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Contemporary Manhattan Cartographies: Ephemeral Public Projects in New York

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dc.contributor.advisor Bogart, Michele en_US
dc.contributor.author Wasserman, Andrew en_US
dc.contributor.other Department of Art History and Criticism en_US
dc.date.accessioned 2013-05-22T17:35:46Z
dc.date.accessioned 2015-04-24T14:45:42Z
dc.date.available 2013-05-22T17:35:46Z
dc.date.available 2015-04-24T14:45:42Z
dc.date.issued 2012-12-01
dc.identifier Wasserman_grad.sunysb_0771E_11179 en_US
dc.identifier.uri http://hdl.handle.net/1951/59911 en_US
dc.identifier.uri http://hdl.handle.net/11401/71045 en_US
dc.description 382 pg. en_US
dc.description.abstract This dissertation considers the emergence of a cartographic public practice in both contemporary art and contemporary cities, attending to the ways in which ephemeral public projects create map-like objects that diverge from official urban projections. Rather than marking a single location, such projects structure networked connections between several sites, transforming undifferentiated urban spaces into legible urban places. Evaluation of this recent cartographic turn entails the triple consideration of placemaking, placemakers, and placemarkers as constructing spatialized identities for different neighborhoods and setting forth wayfinding strategies within these same neighborhoods. Focusing on Manhattan, the dissertation surveys how the borough has served as a source of raw materials from which artists and art institutions constructed new urban models, both against and alongside recent urban redevelopment policies. Three chapter-length case studies constitute this investigation: the public installation, guided tours, and staged Opening Ceremony of REPOhistory's Lower Manhattan Sign Project (1992-1993); the circulating printed image repertoire of the Studio Museum in Harlem's Harlem Postcards (2002-present); and the New Museum's Counter Culture (2004), GET LOST: Artists Map Downtown New York (2007), and new building (2004-2007). By embracing the dual roles of urban archivists preserving marginalized forms of urban visual culture and public artists creating new site-specific and site-responsive projects, each artist collective or organization adopts the mantel of mapmaker. While generating new guides to the city, these mapmakers assert their own presence on the urban landscape as well. In each case, what results is a "processual" map that is responsive to shifting material forms and social dynamics. en_US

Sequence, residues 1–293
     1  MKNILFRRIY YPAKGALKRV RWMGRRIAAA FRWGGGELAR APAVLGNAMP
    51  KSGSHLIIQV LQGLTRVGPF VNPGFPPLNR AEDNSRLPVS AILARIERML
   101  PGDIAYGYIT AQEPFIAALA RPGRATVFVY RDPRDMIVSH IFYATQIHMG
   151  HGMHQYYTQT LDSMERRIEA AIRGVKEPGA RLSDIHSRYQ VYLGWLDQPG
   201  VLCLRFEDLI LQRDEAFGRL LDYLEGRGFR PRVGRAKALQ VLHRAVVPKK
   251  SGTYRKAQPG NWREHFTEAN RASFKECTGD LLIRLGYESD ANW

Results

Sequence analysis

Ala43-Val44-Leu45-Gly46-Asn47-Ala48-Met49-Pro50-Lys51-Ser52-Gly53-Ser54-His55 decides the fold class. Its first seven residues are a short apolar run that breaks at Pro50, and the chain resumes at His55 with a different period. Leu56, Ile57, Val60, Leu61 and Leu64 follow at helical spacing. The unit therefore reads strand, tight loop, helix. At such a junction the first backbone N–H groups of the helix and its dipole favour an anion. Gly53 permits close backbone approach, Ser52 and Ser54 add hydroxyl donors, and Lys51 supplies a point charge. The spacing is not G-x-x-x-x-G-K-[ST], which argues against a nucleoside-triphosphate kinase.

dc.description.sponsorship This work is sponsored by the Stony Brook University Graduate School in compliance with the requirements for completion of degree. en_US
dc.format Monograph en_US
dc.format.medium Electronic Resource en_US
dc.language.iso en_US en_US
dc.publisher The Graduate School, Stony Brook University: Stony Brook, NY. en_US
dc.subject.lcsh Art history--American studies en_US
dc.title Contemporary Manhattan Cartographies: Ephemeral Public Projects in New York en_US
dc.type Dissertation en_US
dc.mimetype Application/PDF en_US
dc.contributor.committeemember Monteyne, Joseph en_US
dc.contributor.committeemember Guins, Raiford en_US
dc.contributor.committeemember Doss, Erika. en_US


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